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things, and is as necessary to the life of his of engines,-a school should be full of neighbourhood. The successful man knew these. how to amass wealth, but the much harder lesson of how to spend it he has not learnt There is a danger that Wales will yet. I knuw at least one wealthy man in become full of clerks and teachers, between Wales who says that he does not own his whom competition will be so keen that money for himself, he holds it in trust for they will be living on the margin of others, and he spends it. He is like a tree starvation. Such a calamity will be the planted by the streams of water, that result of taking a wrong view of education. bringeth forth its fruit in its season, whose Our educational system should strengthen leaf also doth not wither; and whatsoever our national life in every direction; it he doeth prospers. It is the glorious should produce good handicraftsmen as privilege of these men to make their well as learned men. If we do not speedily wealth of eternal value by building colleges develop the technical side of our schools, and schools for the Welsh generations of our condemnation in the future will be the future.
without forgiveness. I see that Mr. Rath
bone offers to help Merionethshire and Our bare and poverty-stricken school- Carnarvonshire to get a travelling technical rooms contrast sadly with the bright and teacher of experience, to organize the promising young beings with whom they technical teaching necessary to each disare crowded. I always think that a school trict. So the quarrymen get another ought to be as like a child's ideal home as opportunity of leading the way in Welsh possible, but in Wales it has the appear- education. ance of a workhouse or of a prison. A kindly interest taken in the school by The glorious privilege will not be people of leisure and of means would end rejected by Wales. It is a happy sign in making it more comfortable for the that it is by serving our education that children and better adapted for their real Government tries to please us. In Wales education. Turn, gentle reader, into any the difference in a Welshman's mind village school. You will find there vile between his own interests and those of his coloured prints, and that disgusting picture country will gradually lessen. Public of the respective careers of the well-dressed institutions, schools especially, will be the and the badly-dressed,--the one ruining pride of the country. the children's taste and the other ruining We owe much to the influence of their morality. Could you not present the England. Our poets are under the inschool with a good engraving or a good fluence of Wordsworth to-day, our men of painting? If it illustrates Welsh history business are emulating the adventurous or Welsh life, all the better.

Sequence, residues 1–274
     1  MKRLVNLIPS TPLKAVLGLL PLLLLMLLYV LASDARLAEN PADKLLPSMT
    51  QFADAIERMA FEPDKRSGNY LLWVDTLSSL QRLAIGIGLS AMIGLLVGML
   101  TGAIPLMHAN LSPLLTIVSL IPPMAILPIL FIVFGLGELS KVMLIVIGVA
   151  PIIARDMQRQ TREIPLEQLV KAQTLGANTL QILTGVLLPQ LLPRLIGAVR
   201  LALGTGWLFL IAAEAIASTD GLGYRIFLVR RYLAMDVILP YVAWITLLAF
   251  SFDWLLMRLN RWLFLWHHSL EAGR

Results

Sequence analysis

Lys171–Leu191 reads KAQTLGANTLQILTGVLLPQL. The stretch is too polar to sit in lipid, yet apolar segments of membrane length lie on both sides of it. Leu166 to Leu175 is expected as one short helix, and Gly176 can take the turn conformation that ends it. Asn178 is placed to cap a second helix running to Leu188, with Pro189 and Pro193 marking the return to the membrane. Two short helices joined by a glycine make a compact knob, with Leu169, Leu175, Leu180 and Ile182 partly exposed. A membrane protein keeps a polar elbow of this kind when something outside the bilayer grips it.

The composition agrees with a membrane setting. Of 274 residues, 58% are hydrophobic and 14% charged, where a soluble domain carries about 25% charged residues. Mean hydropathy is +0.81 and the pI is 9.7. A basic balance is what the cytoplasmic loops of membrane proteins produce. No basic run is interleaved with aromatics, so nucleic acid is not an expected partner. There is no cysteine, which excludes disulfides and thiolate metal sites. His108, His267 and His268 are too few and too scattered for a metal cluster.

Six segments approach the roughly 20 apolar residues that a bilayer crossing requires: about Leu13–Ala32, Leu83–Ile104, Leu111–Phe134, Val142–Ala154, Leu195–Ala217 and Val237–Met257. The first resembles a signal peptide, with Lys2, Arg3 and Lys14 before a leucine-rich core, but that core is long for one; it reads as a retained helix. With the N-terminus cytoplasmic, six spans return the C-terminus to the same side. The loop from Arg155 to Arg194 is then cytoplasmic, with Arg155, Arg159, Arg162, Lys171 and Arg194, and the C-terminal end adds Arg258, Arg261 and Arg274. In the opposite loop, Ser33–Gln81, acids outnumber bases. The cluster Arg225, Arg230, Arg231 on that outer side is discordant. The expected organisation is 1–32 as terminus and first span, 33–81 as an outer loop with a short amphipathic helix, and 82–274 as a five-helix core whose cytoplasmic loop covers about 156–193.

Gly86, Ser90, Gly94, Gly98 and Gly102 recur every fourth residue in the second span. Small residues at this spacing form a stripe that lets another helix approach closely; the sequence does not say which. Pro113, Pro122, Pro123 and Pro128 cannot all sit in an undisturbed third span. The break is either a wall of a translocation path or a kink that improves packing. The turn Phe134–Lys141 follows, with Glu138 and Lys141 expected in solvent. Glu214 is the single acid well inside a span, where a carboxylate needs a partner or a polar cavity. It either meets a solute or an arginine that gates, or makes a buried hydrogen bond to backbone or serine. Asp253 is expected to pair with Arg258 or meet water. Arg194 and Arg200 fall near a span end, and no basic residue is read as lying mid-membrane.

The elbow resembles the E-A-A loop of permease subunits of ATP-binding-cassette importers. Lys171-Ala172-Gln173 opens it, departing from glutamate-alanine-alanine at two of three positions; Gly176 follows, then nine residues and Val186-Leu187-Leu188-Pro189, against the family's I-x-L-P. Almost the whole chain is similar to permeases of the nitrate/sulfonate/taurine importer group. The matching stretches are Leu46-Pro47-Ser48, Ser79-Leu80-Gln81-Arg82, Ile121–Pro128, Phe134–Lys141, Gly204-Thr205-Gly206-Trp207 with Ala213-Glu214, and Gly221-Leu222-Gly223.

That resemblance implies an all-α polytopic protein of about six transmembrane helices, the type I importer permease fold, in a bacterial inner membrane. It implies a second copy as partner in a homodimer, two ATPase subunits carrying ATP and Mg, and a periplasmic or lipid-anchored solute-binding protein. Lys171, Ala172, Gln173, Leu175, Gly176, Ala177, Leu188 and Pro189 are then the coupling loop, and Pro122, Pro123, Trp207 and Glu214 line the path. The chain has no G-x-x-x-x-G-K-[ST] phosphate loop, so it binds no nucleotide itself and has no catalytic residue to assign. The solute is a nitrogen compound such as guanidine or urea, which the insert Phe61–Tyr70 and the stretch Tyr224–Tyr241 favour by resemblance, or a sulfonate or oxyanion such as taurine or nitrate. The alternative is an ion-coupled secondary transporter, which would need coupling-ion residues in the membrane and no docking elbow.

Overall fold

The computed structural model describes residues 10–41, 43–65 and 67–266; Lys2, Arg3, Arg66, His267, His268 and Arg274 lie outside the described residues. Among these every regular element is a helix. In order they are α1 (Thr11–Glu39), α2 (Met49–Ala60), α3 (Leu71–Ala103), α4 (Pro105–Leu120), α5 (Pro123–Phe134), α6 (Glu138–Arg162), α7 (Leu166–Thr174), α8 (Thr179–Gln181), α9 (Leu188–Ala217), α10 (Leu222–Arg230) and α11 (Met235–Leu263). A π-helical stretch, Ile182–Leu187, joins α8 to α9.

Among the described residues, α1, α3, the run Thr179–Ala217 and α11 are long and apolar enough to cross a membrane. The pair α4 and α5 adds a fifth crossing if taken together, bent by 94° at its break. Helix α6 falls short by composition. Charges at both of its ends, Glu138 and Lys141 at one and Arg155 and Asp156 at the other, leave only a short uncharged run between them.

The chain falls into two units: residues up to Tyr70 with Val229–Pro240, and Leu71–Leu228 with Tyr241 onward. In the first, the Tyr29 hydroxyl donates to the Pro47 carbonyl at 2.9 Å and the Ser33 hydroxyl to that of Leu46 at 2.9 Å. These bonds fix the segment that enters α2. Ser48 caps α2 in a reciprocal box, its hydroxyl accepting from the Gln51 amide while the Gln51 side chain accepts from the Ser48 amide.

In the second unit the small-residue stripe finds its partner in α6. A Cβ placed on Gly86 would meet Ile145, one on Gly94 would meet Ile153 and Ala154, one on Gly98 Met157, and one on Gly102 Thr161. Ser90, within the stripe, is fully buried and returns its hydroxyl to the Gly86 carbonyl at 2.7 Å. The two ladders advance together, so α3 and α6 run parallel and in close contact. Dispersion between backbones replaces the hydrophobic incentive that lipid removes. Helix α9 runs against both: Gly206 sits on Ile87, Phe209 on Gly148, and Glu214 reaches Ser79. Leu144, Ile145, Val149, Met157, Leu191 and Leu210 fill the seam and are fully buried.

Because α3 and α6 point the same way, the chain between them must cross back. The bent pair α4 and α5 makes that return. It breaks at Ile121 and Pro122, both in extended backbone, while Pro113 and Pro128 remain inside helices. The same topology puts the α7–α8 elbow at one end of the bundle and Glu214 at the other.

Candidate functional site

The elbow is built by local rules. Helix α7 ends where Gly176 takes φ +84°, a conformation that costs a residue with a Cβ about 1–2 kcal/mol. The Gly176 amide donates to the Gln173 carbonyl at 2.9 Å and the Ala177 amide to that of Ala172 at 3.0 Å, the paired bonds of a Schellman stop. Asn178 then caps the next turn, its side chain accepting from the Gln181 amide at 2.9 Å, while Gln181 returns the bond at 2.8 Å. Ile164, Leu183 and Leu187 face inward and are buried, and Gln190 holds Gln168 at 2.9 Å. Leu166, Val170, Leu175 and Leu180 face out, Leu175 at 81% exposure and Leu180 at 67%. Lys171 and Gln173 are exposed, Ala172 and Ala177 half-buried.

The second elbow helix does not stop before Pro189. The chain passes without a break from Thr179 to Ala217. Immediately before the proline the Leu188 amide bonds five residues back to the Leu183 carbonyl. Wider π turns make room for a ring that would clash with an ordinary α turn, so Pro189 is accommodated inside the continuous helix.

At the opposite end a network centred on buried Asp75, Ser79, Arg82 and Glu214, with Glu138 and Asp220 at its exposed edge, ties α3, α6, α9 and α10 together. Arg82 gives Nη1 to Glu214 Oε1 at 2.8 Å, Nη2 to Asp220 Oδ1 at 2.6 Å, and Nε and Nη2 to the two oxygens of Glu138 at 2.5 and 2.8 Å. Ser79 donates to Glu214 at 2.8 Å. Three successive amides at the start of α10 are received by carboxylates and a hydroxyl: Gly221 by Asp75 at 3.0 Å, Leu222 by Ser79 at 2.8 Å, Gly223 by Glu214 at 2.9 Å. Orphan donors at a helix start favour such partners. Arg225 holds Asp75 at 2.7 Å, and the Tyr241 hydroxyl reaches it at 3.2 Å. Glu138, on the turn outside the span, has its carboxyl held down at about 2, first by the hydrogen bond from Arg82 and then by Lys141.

spirit of Englishmen. But the belief in The walls of our intermediate schools personal wealth as against public wealth are, so far, better than some walls I have has come from England also. As compared seen,—they are bare. There are inter with continental towns, how despicably mediate schools where girls have to learn poor in public institutions our towns are? geography without wall maps, where boys If our rich men do what our poor men are have to learn cheinistry and agriculture doing,—the farm labourer gives a day's without apparatus of any sort, and naviga- wage to a missionary society and another tion even without ever seeing a mariner's towards a school,—we can teach England compass. Embossed maps can be bought that it is more important to have a rich for sixpence each, a good telescope or people than a collection of rich individuals. microscope can be bought for three or four At any rate, do not let us neglect the pounds,—will it not be a pleasure to the privilege that is offered us of making our friends of each school to present the eager children and our country happy and little students with these? A ther- prosperous. mometer, samples of seeds and grass, a carpenter's tools, models of ships and
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